The deep-roots of seaweed…in history.
Seaweed farms for biofuels may be coming to a Scottish sea loch near you soon, and although this idea is relatively new to most, the history of seaweed utilisation is deep-rooted.
Archaeological evidence suggests that Japanese aborigines ate seaweed as early as 300BC (Ragan and Bird, 1987), and in AD 701 it was written in the Law of Taiho that seaweeds -including kelp- were used to pay taxes to the courts! Now wouldn’t that be a nice thought in today’s economic crisis…
Closer to home, we are beginning to discuss and explore the reality of seaweed biomass for sustainable fuels of the future. However, historic remains in Scottish Bronze Age cremations suggest that even then, the anthropogenic uses of seaweed for fuel had been put to practise.
Currently, the kind of kelp farming we imagine as a resource of the future requires little in the way of 21st century technology, and the idea that kelp culture can be part of a larger scheme to utilise ‘Energy from the Sea’ is not a new one. Below is an article from 1975 in the magazine ‘Popular Science’ which describes an early trial by scientists and US Navy frogmen, who carried out a ‘mission’ to develop kelp culture 60miles out in the Pacific Ocean.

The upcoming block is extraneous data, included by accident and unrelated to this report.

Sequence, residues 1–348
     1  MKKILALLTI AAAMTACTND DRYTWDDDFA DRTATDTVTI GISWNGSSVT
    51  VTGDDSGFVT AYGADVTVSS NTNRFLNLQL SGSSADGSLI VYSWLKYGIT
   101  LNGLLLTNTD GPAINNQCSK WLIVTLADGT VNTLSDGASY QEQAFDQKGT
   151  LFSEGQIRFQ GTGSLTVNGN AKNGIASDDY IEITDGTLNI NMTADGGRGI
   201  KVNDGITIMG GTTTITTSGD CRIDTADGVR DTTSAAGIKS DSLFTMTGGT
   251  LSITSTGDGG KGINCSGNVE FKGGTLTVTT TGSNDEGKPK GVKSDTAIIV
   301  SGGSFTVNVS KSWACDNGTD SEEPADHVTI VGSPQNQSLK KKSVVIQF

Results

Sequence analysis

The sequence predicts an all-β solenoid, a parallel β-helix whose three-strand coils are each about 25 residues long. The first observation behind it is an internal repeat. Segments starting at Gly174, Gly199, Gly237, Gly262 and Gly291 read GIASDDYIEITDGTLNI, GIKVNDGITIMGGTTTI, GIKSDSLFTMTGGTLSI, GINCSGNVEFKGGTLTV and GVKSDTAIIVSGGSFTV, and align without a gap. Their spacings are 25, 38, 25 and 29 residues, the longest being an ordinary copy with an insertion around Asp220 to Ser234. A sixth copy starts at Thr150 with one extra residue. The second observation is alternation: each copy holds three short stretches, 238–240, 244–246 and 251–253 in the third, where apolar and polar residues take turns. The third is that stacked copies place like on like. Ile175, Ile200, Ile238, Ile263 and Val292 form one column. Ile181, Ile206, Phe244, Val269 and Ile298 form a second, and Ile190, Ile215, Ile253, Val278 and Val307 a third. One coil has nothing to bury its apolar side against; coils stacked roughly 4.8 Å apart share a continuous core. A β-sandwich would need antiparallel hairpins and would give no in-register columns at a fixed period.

This idea, which at the time was quoted in the article as ‘far seeing’, is to date being explored by many international marine renewable research groups, and taking the next step towards the realisation of this once ‘far seeing’ idea is now coming to a head.
Here in the sea lochs of the Scottish west coast the Scottish Salmon Company have been trialling the co-culture of salmon and kelp to reuse the nutrient rich waste produced by fish farming. The potential to produce seaweed for fuel as a co-product of salmon cultivation is currently proving to be success, and is only paving the way for full-scale seaweed farms locally.
All-in-all from the historic to the futuristic, the realistic is fast approaching. It may have taken decades (if not more…) to refine that light-bulb moment of seaweed energy exploitation, and it could in our lifetime become part of the solution to the long anticipated fuel crisis.
Just another reason to become a fan of all things algae.